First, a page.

Richard’s transition from rower to umpire brought him face to face with the challenge of making split-second decisions. As someone deeply analytical by nature, this was a shift he had to embrace. In his day job, Richard works extensively with data and analysis, but in umpiring, decisions must be made rapidly. This shift from analytical to instinctual was an exciting challenge that ultimately enriched his life in both realms.
Throughout his umpiring career, Richard has had the privilege of working with colleagues like Judy and Franc Tomsic, who Richard credits with having a profound impact on his approach to be an umpire.
“I remember an incident when I was with Franc on the water, where boats capsized and we went immediately to the boats and made sure everyone was safe and got people out of the water, but there were also the protests following the race,” Richard recalls. “Frank was very, very clear in his communications, and did it in such a calm way, in a space that was very frenetic for me at the time, and it was a real source of admiration of how he was able to keep the discussions calm and not get panicked in a situation. It really benefitted me having that experience and to learn from him.”
It was through mentors, that Richard learned the importance of keeping a cool head in frenetic situations, a skill that serves him well as an umpire when he has been the one to make a judgement through remaining calm and clear in his communications while sticking to the principles of safety and fairness in his decision-making, even in the face of disagreement.
Richard Koo’s journey as an umpire is not confined to the water. He finds immense joy in the camaraderie among fellow umpires, describing regattas as “adult camp.” Meeting familiar faces season after season, working with colleagues from around the world, and fostering strong bonds adds an element of fun to his umpiring adventures.
His role as an umpire has not only enriched his life but also provided a unique perspective on rowing. It allows him to witness the passion and dedication of athletes firsthand. Richard believes that umpires play a pivotal role in ensuring athletes have a positive experience, even when conflicts arise. He understands that a negative experience can deter athletes from returning to the sport, making his role as an umpire all the more significant.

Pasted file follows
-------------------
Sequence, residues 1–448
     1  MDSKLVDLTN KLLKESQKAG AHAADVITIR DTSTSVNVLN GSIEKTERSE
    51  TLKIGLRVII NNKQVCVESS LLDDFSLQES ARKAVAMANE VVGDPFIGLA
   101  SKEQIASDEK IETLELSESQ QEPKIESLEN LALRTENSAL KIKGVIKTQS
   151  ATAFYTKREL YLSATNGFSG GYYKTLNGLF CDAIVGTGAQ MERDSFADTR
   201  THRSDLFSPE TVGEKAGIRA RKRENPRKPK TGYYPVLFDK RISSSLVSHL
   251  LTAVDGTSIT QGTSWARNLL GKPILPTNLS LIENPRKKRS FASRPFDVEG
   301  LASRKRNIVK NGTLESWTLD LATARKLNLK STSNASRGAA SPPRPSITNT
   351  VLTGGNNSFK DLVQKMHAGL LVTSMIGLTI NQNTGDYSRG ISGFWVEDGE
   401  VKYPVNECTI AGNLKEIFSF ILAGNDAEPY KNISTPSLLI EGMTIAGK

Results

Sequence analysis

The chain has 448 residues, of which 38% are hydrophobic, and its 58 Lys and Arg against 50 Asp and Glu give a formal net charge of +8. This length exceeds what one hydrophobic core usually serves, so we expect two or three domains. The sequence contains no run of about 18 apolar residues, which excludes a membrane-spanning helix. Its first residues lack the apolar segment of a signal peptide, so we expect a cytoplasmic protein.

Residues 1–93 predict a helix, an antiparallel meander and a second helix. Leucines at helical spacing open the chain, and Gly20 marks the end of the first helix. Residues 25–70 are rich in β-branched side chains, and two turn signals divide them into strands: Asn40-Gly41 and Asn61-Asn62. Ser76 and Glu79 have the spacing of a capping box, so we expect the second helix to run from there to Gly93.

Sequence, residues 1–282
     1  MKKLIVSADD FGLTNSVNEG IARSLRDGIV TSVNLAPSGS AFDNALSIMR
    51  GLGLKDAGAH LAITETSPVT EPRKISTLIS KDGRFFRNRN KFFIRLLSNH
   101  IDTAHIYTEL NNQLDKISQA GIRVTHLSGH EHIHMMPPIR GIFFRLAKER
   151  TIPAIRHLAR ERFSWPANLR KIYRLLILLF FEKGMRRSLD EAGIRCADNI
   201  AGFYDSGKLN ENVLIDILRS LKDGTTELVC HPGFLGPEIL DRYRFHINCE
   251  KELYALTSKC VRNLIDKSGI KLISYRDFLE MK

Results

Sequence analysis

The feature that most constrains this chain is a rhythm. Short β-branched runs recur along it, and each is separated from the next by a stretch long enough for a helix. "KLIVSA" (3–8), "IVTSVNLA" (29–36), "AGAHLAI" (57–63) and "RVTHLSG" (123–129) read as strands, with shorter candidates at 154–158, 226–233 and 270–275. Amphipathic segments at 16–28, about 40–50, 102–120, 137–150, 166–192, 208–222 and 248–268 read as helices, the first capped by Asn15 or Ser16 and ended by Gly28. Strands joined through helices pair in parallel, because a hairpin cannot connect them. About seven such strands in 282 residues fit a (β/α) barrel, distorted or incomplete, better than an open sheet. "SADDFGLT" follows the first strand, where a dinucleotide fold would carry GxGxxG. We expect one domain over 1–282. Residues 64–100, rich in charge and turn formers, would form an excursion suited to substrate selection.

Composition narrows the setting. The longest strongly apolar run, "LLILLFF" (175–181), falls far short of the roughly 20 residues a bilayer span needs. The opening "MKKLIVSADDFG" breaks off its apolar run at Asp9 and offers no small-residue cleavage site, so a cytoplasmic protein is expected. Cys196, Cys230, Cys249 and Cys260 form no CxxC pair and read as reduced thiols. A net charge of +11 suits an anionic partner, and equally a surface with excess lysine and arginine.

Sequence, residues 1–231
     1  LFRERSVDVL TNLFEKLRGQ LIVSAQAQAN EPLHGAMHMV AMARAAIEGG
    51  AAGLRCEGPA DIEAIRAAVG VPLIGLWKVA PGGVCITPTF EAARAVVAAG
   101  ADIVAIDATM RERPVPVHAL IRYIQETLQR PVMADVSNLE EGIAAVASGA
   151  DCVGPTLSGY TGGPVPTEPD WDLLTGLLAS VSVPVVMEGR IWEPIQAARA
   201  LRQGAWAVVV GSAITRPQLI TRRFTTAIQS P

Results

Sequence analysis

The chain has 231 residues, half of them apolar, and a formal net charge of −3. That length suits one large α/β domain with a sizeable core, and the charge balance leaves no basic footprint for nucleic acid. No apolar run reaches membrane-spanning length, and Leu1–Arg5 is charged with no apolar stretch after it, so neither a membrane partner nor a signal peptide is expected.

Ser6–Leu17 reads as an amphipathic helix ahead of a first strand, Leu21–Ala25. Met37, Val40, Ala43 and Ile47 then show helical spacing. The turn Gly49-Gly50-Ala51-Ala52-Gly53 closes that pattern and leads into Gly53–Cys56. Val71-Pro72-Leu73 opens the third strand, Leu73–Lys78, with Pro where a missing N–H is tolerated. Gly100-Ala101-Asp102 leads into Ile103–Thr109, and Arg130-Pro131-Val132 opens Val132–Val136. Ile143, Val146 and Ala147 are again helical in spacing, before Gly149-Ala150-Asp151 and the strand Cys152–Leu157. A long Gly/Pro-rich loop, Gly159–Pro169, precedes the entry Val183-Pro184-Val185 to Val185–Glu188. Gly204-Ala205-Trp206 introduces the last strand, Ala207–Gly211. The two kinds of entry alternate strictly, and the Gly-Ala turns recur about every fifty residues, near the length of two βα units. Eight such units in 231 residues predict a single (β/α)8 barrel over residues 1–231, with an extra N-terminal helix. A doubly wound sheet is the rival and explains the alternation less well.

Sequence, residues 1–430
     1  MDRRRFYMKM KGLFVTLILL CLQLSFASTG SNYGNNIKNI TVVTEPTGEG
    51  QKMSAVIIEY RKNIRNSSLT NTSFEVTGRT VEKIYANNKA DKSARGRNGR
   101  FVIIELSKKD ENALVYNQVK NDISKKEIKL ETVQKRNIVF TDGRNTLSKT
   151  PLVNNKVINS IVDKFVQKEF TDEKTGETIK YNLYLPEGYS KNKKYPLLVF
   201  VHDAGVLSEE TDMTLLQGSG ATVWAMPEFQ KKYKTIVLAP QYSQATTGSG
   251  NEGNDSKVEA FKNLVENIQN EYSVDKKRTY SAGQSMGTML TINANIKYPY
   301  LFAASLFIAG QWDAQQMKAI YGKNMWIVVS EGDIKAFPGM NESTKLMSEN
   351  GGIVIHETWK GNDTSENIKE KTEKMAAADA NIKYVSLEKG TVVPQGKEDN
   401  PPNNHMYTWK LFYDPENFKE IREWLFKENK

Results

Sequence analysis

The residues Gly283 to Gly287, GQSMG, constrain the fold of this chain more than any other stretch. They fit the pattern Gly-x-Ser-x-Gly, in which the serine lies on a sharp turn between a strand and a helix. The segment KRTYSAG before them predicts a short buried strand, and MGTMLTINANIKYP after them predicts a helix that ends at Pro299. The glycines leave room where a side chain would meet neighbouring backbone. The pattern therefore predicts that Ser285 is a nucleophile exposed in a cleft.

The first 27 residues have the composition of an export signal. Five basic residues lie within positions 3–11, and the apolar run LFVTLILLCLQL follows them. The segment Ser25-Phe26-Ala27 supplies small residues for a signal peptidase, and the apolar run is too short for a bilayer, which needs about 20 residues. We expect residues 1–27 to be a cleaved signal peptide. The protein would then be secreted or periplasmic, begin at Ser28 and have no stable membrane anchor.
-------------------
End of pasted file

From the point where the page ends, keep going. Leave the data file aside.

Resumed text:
Richard Koo’s journey as a rowing umpire is a testament to the diverse and interconnected world of sports. His professional career in media and television analytics has, in surprising ways, complemented his role as an umpire. It’s a balancing act that he cherishes, and it underscores how different aspects of life can intersect and benefit each other.
As Richard looks ahead to the future, he is excited about the growth of rowing, including emerging segments like coastal rowing, beach sprints and indoor rowing. His passion for the sport and commitment to ensuring safety and fair play are sure to leave a lasting impact on rowing, both locally and internationally.
In a world where athletes chase glory on the water, Richard Koo ensures that their journey is marked by safety, fairness, and an unwavering love for rowing. His dedication as an umpire keeps the spirit of the sport alive, fostering an environment where every rower can give their all and leave with a positive experience, regardless of the challenges they face.
Rowing Canada Aviron is Recruiting Umpires!
We all know that there can’t be any racing without umpires. What some of you may not know is that umpiring is a great way to stay involved in racing, without having to pull any 2k tests.
If you miss the regatta atmosphere and being able to watch great racing, umpiring may be for you!
We’re looking for people who love rowing, who want to support athletes in their development, and who are interested in giving back to rowing in a different way.
If that sounds like you, check out the assistant umpire clinic (in the Training and Education section of the RCA umpires page), which you can take for free!
You can also contact your provincial rowing association, who will put you in touch with someone from your region who would be happy to guide you through the development pathway.
We hope you’ll join us – the umpire launch is the best seat from which to watch races!